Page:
Notes and Editorial Reviews
This is richly expressive music by a composer with a finely developed feeling for melody, played by a harpsichordist who has mastered the style.
I suppose there must must have been discs in the past entirely devoted to the harpsichord music of Chambonnières but just at the moment I cannot think of a single one. Chambonniêres was born in 1601 and is generally recognized as being the founder of the French harpsichord school. That is not at all to say, however, that his collections provide us with the earliest examples; but he did teach almost all the great French harpsichord composers of the seventeenth century, above all Louis Couperin, D'Anglebert and Lebêgue. Chambonnières cultivated and
developed a style in harpsichord writing akin to that of the lutenist's style brisC or, in other words, a broken, arpeggiated texture. By so doing he was able to create an illusion of linear, horizontal writing. To a varied extent and with varying degrees of success, performer apply the principle to repertory of the following century in order to highlight or enhance the linear texture.
The young American harpsichordist Skip Sempé has mastered the art of the style brisé in a convincing and affecting way. He plays with authority and with insight to the inherent resonances contained in Chambonnières's writing. This is richly expressive music by a composer with a finely developed feeling for melody. The pieces, by the way, are drawn from the First and Second Books and from four manuscript collections. Chambonnières was widely and lavishly praised by his contemporaries and successors and, on the strength of these pieces in Sempé's hands, encomiums past and present are fully justified. If we place this music alongside that of Louis Couperin, for instance, we should judge it less adventurous harmonically than that of his illustrious pupil. On the other hand I sometimes find in it a greater warmth of feeling and no less eloquent in its expressive nobility on the one hand (Sarabandes, Chaconne, Pavanne, Paschalia) and lively, poetic treatment of dance measures on the other. Sempé understands all this very well and perhaps almost for the first time I am hearing an artist who conveys to me the enormous talent of this composer. Sempe has chosen his programme with care, illustrating the formal and expressive variety in Chambonnières. In five of the pieces, three of them sarabandes, he is supported by a theorbo continuo played by Brian Feehan. Sempé explains his reasons for this in the accompanying booklet. Certainly the resulting sound is effective and beautiful, adding a new resonant dimension.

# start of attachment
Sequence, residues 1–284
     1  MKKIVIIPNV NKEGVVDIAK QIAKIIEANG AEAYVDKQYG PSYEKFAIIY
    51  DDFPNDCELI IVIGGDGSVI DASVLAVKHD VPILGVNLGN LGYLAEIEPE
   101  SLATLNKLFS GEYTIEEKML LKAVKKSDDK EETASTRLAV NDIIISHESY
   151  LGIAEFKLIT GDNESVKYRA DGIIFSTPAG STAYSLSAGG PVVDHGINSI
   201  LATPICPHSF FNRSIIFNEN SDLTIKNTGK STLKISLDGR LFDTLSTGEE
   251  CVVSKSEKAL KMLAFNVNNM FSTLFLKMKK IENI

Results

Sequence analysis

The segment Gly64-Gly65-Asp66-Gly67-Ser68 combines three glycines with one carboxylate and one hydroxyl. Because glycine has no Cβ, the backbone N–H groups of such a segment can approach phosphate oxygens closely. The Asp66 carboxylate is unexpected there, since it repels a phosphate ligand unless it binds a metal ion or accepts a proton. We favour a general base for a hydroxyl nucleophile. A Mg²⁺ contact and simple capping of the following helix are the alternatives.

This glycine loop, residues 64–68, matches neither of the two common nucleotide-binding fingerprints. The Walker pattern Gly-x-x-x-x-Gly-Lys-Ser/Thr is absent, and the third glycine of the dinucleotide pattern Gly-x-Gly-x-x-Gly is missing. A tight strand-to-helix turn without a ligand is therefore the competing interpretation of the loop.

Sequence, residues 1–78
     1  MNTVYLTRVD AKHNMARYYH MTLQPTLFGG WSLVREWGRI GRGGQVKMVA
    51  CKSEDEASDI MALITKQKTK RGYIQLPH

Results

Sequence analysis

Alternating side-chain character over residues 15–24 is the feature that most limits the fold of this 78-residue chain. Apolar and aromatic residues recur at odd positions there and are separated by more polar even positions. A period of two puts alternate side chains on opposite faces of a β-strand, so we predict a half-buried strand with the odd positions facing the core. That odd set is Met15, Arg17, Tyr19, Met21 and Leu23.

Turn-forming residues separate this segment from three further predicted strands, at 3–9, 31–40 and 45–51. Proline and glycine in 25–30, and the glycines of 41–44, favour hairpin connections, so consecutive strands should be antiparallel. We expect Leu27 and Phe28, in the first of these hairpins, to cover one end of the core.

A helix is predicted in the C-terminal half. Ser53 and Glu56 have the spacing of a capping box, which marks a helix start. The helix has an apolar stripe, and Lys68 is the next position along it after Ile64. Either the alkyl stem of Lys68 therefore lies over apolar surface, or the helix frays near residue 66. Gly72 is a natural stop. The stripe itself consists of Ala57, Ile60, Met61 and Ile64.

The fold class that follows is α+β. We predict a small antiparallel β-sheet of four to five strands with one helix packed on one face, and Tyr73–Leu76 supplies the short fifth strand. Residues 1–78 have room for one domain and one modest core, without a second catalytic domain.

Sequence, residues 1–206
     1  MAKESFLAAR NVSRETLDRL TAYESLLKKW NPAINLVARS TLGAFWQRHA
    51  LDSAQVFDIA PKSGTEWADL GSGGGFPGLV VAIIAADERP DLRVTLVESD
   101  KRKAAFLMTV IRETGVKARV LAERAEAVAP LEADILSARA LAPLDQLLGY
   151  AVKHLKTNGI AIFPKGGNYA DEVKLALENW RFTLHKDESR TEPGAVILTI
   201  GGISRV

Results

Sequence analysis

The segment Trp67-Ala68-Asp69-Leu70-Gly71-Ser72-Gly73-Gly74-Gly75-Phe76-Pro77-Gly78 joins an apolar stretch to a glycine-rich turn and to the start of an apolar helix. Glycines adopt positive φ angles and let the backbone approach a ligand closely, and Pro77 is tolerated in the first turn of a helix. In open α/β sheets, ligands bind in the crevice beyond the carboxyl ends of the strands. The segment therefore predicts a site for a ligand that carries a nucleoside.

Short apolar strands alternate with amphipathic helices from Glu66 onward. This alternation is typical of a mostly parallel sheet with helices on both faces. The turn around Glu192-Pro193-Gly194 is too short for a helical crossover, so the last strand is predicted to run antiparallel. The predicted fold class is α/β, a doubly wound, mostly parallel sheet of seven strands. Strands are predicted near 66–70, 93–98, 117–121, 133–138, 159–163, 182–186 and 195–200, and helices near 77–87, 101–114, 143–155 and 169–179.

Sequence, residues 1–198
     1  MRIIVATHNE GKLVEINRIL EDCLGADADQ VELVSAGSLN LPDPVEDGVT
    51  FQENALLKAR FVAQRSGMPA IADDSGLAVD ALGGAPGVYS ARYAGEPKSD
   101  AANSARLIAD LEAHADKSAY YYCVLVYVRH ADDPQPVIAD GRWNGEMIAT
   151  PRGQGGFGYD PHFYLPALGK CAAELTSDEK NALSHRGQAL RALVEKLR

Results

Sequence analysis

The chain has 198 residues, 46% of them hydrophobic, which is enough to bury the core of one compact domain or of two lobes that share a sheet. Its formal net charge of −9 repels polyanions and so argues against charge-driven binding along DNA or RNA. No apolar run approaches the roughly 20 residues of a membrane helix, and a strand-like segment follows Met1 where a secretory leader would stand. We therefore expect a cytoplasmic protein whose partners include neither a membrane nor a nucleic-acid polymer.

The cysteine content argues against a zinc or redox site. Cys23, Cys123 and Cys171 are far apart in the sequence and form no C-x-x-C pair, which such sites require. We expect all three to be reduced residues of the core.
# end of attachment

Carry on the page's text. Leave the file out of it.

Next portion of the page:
Sempé ends his recital with what is perhaps the finest of all tributes to the composer, the Tombeau de M. de Chanibonnières by d'Anglebert. This is an affectionate touch setting the seal on an outstanding disc. The late seventeenth-century harpsichord, a Flemish one, is recorded a little too closely for my ears, but the balance is sympathetic, picking up the radiant character of the instrument. Strongly recommended.
-- Gramophone [4/1993]
reviewing the original release, DHM 77210
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